“Goin’ to find Czar,” he said, unnecessarily, but they were looking at him like he should say something. He didn’t like stupid shit, like the formalities that seemed so important to others. He didn’t care if people liked him, in fact, he preferred they stay the hell away, except for his brothers who understood him and made it clear they expected him to at least talk once in a while.
“I can report in,” Keys offered. “You could use the down time.”
Reaper shook his head. “Won’t be able to sleep right away. I have to check on him anyway. You know how I am.”
“Want company?” Storm asked.
He shook his head. “Not necessary. Savage will be with him, probably a few others. Get some sleep. We all earned it.” Savin ‘Savage’ Pajari was his birth brother. Like Reaper, he acted as Sergeant at Arms, protecting Czar at all times. Between the two men, they had their president covered whether he liked it or not around the clock. “I already texted Czar we were comin’ in when we were an hour out.”
He was certain if he did that, Czar would go to the bar rather than have Reaper come to his home—exactly what Reaper wanted. It was the new bartender. He didn’t like anything out of the ordinary. He didn’t trust it. The woman was definitely something out of the ordinary. Code could find dirt on anyone, but he hadn’t found a single trace of her anywhere. She worked for cash, under the table. She wore designer jeans, but she drove a beat-up car on its last leg, rust breaking through the paint. The fucking thing smoked every time she turned the engine over.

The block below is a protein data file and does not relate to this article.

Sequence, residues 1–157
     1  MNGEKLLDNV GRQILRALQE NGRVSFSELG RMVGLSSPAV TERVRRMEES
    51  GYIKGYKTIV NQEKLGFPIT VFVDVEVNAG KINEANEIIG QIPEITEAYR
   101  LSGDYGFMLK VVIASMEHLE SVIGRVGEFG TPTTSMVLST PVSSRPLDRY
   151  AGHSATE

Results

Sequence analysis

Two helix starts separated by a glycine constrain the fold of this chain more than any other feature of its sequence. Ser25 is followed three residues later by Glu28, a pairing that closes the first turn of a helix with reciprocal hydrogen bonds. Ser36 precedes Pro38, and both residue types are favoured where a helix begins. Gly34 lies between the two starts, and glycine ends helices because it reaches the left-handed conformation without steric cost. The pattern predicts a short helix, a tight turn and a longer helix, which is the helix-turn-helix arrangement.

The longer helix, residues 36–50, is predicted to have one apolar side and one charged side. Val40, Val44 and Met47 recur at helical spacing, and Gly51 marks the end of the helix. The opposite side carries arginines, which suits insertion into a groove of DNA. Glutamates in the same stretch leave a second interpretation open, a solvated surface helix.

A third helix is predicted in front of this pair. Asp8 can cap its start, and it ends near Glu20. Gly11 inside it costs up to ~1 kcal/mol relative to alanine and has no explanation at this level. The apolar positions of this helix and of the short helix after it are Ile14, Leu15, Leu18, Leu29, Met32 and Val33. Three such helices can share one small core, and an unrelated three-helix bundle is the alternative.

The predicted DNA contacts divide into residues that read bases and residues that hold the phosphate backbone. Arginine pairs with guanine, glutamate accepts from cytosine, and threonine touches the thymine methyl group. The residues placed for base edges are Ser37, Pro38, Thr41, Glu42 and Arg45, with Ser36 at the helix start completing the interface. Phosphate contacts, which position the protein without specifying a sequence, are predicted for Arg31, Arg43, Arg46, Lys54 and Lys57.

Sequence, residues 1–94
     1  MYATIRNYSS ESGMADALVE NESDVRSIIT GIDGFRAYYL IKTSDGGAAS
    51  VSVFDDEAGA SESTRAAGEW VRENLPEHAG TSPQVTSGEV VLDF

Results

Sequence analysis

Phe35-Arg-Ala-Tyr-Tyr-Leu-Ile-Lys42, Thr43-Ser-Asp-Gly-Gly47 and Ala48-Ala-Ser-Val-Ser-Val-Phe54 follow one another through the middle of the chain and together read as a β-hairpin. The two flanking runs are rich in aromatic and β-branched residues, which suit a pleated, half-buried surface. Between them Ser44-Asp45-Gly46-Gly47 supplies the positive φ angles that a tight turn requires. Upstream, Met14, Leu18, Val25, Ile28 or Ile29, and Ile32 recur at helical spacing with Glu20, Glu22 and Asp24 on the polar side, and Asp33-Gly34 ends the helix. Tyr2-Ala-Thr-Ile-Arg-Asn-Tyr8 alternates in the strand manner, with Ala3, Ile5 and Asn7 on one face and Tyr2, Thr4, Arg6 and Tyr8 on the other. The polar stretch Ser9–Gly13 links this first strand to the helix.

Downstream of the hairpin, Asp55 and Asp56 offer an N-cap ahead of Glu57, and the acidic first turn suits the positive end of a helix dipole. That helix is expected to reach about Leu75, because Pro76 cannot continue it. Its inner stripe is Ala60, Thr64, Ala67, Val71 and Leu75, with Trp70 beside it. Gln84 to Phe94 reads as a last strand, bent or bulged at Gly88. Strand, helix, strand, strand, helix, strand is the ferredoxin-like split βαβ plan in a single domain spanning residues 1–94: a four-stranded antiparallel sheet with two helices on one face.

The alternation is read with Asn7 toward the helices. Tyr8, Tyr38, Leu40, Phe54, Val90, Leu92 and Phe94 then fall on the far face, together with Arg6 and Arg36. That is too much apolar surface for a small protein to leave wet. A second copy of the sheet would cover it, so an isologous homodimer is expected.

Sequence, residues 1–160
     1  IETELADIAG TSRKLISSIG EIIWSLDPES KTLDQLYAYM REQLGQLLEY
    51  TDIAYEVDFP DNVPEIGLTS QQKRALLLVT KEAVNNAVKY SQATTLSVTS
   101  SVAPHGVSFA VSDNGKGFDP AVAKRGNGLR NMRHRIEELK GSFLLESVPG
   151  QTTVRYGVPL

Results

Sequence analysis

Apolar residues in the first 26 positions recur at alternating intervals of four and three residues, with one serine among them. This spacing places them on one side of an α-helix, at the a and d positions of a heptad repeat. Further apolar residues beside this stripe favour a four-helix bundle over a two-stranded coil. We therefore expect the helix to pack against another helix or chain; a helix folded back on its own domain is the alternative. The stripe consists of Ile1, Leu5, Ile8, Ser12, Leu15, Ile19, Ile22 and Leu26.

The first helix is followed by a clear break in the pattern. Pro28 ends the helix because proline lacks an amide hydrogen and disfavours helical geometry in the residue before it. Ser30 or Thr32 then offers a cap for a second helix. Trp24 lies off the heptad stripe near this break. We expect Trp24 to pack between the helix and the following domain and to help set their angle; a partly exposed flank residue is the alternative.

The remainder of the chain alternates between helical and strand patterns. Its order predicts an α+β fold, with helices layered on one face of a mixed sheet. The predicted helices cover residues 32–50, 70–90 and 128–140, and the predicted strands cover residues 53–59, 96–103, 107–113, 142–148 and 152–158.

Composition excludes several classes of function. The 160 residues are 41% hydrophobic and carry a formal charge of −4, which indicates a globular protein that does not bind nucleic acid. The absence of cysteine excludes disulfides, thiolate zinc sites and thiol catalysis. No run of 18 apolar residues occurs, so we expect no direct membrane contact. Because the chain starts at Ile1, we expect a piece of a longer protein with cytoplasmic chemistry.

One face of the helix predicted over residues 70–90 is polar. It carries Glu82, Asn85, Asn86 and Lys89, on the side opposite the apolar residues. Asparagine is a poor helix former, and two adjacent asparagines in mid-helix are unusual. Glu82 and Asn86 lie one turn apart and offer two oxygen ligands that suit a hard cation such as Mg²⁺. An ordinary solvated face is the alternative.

Torpedo Ink, his club, had a garage up and running. Did she take her car there to get it fixed? Hell, no. She drove off every night thinking no one knew where she was going. That was the hell of it. She drove back toward Fort Bragg, took Highway 20 and turned off at the Egg Taking Station, a campground in the Jackson Demonstration Forest. Why the fuck would a classy woman be bartending in a biker bar, drive a beat up Honda Civic older than she was and be camping? It made no sense. He didn’t like puzzles and Anya Rafferty was a not only a puzzle, but one big headache.
Reaper had watched her for over a month. Five weeks and three days to be precise. He’d learned she was a hard worker. She listened to people, remembered their names and what they liked to drink. She flirted just enough to get good tips, but not enough to cause fights. She was generous with the waitresses, sharing tips she didn’t have to share. She was careful and guarded yet gave the illusion she was open. She was kind to those less fortunate.
He’d watched her give a homeless man a blanket she carried in her car, and twice she brought him coffee and a meal. Twice she spent money he was certain she didn’t have to get food or shoes for someone living on the streets. She seemed to have an affinity for the homeless and he was certain she knew all of them by name. She volunteered in the soup kitchen Saturday mornings even though she couldn’t have had more than a couple of hours of sleep.
She didn’t flinch around the bikers, but it was obvious she wasn’t from their world and didn’t have a clue how to fit in. She took her cues from Czar and sometimes asked him questions. She’d never asked Reaper a single question, but she sent him a few shy smiles, which he didn’t return. He’d spent more time in the bar in the five weeks she’d been there, then he’d spent in a bar for most of his life.